Skip to content

Future Publishing: The Somerton Years

25 Mar 2023

Matt Nicholson remembers the early days of Amstrad Action and the birth of PC PLUS

First published in Issue 8, the Christmas Special 2022 edition of Pixel Addict magazine

My first issue in the role of Editor.

It was early 1986 and I’d been working at VNU Publishing in the centre of London for a few years as editor of What Micro, which at the time was the industry’s only ‘buyers guide’ magazine. The microcomputer industry had been growing at some 30 per cent a year and money was bubbling up everywhere. This was the world of corporate publishing with lavish expense accounts and even more lavish lunches. It was amazing how many problems could only be sorted out over a bottle of half-decent wine and a slap-up meal in a top-notch Soho restaurant. There were stories of teenage programmers buying Ferraris which had to be stashed in the garage until they were old enough to drive them, and everyone had an angle.

But as 1985 turned into 1986 the industry slowed to a more normal growth rate, and VNU was tightening its belt. A lot of the early excitement had gone and I was getting bored. It was also becoming obvious that the money was in publishing, not writing, and I was beginning to think about setting up my own company.

Chris Anderson had joined VNU as editor of Personal Computer Games (PCG) around the same time as myself. For a while we were the ‘new editors on the block’ and on nodding terms, but he then left and rumour had it he had set up his own company somewhere deep in the West Country. Like many restless journalists of the time, I browsed the job ads in the Media edition of The Guardian every Thursday, and I couldn’t help but notice the postage-stamp sized advert for an editor for Amstrad Action when it appeared.

I couldn’t imagine my wife would be interested in abandoning our new flat in West London to bring up our new daughter in some two-bit town in the middle of Somerset, but I had a conversation with Mike Carroll, who sold advertising for Chris’s company from London on a commission basis, and he persuaded me that Chris was up to something interesting. I decided to pay him a visit.

Read more…

How secure is the cloud?

21 May 2017

This is my editorial for the Spring 2017 issue of HardCopy magazine:


Image by HypnoArt via Pixbay

Security and privacy are two aspects of an issue that has long bugged our society. On the one hand most of us consider that we have a right to a private life, and indeed Article 12 of the Universal Declaration of Human Rights explicitly states that “No-one shall be subjected to arbitrary interference with his privacy, family, home or correspondence, nor to attacks upon his honor and reputation.” The right is implicit in the American Constitution, while Article 8 of the European Convention on Human Rights is more pragmatic in that, though explicitly stated, the right is moderated by the needs of a “democratic society” with regards to national security and crime prevention.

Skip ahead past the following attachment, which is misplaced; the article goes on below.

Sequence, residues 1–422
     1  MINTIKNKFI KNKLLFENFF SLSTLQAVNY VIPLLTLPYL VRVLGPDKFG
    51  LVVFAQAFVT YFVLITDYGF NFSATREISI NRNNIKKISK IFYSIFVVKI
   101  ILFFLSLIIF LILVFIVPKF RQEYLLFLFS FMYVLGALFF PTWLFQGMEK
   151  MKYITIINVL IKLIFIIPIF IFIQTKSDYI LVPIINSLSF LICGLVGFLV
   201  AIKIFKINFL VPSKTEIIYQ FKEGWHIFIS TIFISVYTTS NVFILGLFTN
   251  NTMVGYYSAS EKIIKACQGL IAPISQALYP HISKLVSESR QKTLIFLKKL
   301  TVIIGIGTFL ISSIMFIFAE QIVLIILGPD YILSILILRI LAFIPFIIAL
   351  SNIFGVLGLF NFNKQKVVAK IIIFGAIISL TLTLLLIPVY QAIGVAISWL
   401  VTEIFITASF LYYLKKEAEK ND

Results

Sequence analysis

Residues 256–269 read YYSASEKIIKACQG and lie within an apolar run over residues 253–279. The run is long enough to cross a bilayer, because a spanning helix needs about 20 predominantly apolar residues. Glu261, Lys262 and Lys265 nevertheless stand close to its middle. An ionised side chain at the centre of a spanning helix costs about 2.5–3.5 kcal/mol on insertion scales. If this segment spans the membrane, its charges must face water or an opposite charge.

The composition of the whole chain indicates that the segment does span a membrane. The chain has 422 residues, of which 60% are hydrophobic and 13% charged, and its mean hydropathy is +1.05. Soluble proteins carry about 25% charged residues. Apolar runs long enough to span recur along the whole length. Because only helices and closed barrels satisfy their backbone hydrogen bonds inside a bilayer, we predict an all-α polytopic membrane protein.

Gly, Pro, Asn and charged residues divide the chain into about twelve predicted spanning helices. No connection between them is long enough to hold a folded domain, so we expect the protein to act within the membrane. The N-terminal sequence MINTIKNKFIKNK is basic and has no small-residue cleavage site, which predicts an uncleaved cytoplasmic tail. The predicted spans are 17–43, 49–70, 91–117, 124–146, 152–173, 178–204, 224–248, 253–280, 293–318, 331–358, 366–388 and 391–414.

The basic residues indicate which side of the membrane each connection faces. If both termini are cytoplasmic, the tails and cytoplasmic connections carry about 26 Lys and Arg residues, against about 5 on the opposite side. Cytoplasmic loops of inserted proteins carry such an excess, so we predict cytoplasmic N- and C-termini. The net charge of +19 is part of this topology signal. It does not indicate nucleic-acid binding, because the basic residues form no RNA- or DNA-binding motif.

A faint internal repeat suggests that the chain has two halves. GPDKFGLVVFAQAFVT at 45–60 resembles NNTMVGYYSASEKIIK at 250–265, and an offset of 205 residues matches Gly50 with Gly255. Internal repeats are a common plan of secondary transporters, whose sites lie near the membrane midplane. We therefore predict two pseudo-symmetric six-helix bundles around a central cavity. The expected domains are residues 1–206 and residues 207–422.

Perhaps unsurprisingly, the situation in the UK is less clear, particularly since the fiasco that is the Investigatory Powers Act 2016 (aka the ‘Snooper’s Charter’). Read more…

Out of our hands

9 Nov 2016

This is my editorial for the Winter 2016 issue of HardCopy magazine:


The world as seen through the sensors of a Google self-drive car.

In February 2009, in an effort to demonstrate exactly how far we are willing to obey a seductive voice emanating from a plastic box, the driver of a 50-foot articulated lorry wedged his vehicle so thoroughly into a hair-pin bend in the tiny Cotswold village of Syde that it took five days to extricate. In the light of this and other such examples, I am heartened by the news that Google, Amazon, Facebook, Microsoft and IBM have announced the Partnership on Artificial Intelligence to Benefit People and Society in order to look into the ethical and societal implications of such technologies.

Many of these implications stem from the lack of human involvement in the decisions that such technologies are increasingly making. Driverless cars are almost upon us, and by most accounts orders of magnitude safer than human drivers, particularly in cities where they can communicate with each other to better understand the dangers ahead. However, on 7 May this year a Model S Tesla in driverless mode smashed at high speed into an 18-wheel truck and trailer, killing the ‘driver’ instantly. It looks as though the car was unable to distinguish the white truck and trailer against the bright Florida sky behind, something that most human drivers would be able to do ‘without thinking’. It is this that
makes such accidents seem ‘inhuman’. Read more…

How serious is Microsoft about its new strategy?

7 Jun 2016

This is my editorial for the Summer 2016 issue of HardCopy magazine:

Microsoft Apps on Android

The Microsoft Apps on Android.

In March 1995, some five years after Tim Berners-Lee created the first World Wide Web server, Microsoft announced a new “design environment for online applications” codenamed ‘Blackbird’ which would allow developers to create content for the forthcoming Microsoft Network. MSN was promised to be “more sophisticated” than anything the nascent World Wide Web could offer, and accessible directly from the desktop of Windows 95, which was launched that August. However, in the intervening months, Bill Gates had a change of heart, taking Microsoft through what BusinessWeek described as “a massive about-face.” By the time Windows 95 launched, ‘Blackbird’ had become Internet Studio, MSN was just another website, and Windows NT was showing off its new Internet Information Server (IIS). Read more…

Unnecessary developments

7 Mar 2016

This is my editorial for the Spring 2016 issue of HardCopy magazine:

EdisonI recently attended a software conference. You know the sort of thing: a couple of keynotes in the morning, followed by breakout sessions running in parallel across a bunch of rooms through the afternoon. Normally I don’t have trouble with such things: I go onto the website, look at the schedule, perhaps print out a few pages, and my day is organised. However this time it was different. This time I was presented with a singularly uninformative website which exhorted me to download and install the conference scheduling app, which appeared only to be available for smartphone. As I was concerned that I might have to book the breakout sessions I wanted to attend – there being nothing on the website to imply otherwise – I duly downloaded and installed. Read more…